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Cost Structure of a B2B SaaS Business

Bootstrapped vs. VC-backed

At saas.group, we are analyzing P&Ls of SaaS companies every day - to understand their cost structure and detect potential anomalies.

This is usually followed by a short Q&A session to clarify any open questions.

“Your hosting costs appear to be unusually high - could you maybe elaborate?”

But what is actually “usual”? And how does it differ between bootstrapped and VC-backed businesses?

It is easy to ignore the fact that founders often have no benchmark at all.

Here is my attempt to change that.

Please note that this is a general overview, so you do not necessarily have to take action if you find deviations from the benchmark in your P&L.

Cost structures may vary depending on many other factors like:

  • Growth stage (early stage vs. mature)

  • ARR level

  • GTM (product-led vs. sales-led)

  • Industry / Segment

  • Geography

Let’s start with a quick refresher on common expense items of a B2B SaaS business:

  • Cost of Goods Sold (CoGS)

    → Direct costs of creating and delivering a SaaS product

    → Hosting, Customer Support/Success, Professional services,…

  • General & Administrative (G&A) Expenses

    → Costs to maintain operations, regardless of revenue or sales

    → Salaries of admin staff, rent / utilities, legal / accounting,…

  • Research & Development (R&D) Expenses

    → Cost of the tech and product teams

    → Salaries, pensions, cost of tools and equipment,..

  • Sales & Marketing (S&M) Costs

    → Costs related to growth / customer acquisition activities

    → Salaries of S&M employees, sales commissions, advertising costs,..

  • DevOps Expenses

    → Bridge between development and operations, ensuring processes are efficient and reliable.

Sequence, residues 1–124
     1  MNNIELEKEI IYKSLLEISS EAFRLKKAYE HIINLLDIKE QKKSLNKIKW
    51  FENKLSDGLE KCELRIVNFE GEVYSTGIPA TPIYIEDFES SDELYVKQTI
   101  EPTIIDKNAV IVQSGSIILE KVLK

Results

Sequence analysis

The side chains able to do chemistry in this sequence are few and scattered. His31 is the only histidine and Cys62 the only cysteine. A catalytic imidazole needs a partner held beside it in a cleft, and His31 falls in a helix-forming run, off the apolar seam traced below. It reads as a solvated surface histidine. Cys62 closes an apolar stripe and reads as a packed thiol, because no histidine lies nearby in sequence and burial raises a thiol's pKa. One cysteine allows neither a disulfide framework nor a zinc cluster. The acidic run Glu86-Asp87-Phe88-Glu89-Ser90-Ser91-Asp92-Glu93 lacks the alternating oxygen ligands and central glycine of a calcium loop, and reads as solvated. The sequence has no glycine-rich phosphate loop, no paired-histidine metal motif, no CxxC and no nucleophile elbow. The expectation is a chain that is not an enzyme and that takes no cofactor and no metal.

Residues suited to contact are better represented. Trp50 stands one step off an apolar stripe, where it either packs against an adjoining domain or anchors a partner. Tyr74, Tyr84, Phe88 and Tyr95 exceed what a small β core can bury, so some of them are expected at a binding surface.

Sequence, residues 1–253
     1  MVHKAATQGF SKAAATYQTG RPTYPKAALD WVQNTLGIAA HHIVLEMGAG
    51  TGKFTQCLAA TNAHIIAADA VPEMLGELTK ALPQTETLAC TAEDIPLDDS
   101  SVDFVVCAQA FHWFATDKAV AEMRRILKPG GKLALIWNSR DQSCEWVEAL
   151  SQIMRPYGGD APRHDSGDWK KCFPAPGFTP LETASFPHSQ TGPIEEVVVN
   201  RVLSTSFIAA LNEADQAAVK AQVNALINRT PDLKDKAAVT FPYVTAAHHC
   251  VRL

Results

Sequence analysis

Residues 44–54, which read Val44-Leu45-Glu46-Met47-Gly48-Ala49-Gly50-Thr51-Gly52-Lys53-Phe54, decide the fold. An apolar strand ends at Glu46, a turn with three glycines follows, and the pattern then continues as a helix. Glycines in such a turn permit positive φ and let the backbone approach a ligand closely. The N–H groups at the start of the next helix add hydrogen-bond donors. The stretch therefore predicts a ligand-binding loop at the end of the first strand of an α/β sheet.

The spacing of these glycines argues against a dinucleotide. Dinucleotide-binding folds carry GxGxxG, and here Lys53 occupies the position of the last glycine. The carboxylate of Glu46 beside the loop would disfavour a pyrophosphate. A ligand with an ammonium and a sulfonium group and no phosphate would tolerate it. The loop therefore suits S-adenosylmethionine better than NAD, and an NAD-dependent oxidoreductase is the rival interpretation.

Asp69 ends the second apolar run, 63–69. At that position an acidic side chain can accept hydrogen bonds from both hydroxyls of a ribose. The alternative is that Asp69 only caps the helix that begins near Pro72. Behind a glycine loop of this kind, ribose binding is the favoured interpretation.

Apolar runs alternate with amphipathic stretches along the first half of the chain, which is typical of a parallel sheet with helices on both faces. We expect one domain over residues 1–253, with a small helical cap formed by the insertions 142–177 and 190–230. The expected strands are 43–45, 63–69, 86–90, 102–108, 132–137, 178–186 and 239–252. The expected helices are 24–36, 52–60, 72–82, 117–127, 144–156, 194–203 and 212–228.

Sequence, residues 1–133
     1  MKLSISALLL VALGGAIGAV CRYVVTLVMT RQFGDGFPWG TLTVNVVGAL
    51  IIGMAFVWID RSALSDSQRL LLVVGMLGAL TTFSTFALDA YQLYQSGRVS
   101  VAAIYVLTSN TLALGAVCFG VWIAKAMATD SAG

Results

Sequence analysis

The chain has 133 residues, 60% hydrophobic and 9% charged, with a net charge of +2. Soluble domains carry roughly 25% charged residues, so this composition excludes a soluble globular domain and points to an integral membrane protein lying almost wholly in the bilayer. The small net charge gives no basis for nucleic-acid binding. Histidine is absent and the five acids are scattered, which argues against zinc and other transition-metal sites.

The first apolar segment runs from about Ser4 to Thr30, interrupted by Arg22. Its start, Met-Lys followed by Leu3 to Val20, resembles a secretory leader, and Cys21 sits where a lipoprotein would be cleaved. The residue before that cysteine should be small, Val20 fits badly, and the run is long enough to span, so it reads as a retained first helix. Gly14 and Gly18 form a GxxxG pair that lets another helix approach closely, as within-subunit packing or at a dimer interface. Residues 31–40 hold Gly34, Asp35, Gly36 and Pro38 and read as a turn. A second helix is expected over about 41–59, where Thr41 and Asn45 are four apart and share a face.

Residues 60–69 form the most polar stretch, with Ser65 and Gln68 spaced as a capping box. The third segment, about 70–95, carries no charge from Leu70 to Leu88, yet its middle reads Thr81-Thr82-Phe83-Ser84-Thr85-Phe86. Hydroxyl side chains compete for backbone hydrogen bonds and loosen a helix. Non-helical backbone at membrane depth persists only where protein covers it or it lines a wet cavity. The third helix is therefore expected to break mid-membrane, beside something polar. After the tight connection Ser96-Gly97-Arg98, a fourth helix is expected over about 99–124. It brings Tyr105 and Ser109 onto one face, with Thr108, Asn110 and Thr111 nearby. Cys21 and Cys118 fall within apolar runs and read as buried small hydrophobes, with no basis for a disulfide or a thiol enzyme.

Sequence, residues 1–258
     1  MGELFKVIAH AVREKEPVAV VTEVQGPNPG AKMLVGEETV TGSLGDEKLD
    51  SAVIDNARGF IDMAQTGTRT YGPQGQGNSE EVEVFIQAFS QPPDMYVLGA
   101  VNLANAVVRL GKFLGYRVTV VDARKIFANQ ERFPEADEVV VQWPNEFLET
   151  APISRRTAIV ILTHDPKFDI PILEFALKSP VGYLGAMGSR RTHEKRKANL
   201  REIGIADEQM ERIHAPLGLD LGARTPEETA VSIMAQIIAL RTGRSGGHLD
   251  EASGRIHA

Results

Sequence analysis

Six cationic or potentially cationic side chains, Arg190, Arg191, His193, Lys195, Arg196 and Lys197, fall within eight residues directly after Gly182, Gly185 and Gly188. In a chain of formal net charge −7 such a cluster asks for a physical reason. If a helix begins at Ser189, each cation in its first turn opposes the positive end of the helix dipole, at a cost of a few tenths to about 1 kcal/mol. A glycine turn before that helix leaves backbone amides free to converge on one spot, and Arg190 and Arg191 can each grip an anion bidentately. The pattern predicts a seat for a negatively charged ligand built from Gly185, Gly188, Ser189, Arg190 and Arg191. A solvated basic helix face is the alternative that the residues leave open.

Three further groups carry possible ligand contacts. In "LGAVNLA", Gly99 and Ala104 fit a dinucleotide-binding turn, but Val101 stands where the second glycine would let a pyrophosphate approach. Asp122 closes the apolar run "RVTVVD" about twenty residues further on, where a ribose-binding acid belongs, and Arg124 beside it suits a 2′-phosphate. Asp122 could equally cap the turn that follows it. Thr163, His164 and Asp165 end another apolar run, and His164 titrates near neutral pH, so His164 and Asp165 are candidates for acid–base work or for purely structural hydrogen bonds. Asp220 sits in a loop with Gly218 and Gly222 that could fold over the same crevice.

→ Cost of devops team and tools used,..

The following figures show the respective cost items as a % of ARR and are taken from a study by SaaS Capital in 2023, which surveyed 400+ SaaS companies.

As you can see, bootstrappers spend much less and can therefore operate profitably, while VC-backed startups operate at a loss (which was to be expected).

The biggest difference can be seen in expenditure on sales and marketing (17% vs. 30%, +76%) and on research and development (17% vs. 27%, +59%).

Spending on G&A is also apparently higher for VC-financed startups (10% vs. 17%, +70%), but it does not necessarily add value in terms of generating traction.

Interestingly, the cost structure is fairly similar for slower growth (below median) and higher growth (above median) companies - regardless of the source of financing.

Source: SaaS Capital

The difference for bootstrapped SaaS companies is negligible.

However, contrary to what you would expect, slow-growth bootstrappers invest MORE in marketing than high-growth ones.

With VC-backed ones, it’s the opposite: higher marketing costs = faster growth. Higher growth companies are also spending 20% more on R&D.

It would be interesting to see a comparison with this year's figures.

Let's wait for an update and see what has changed. 🙂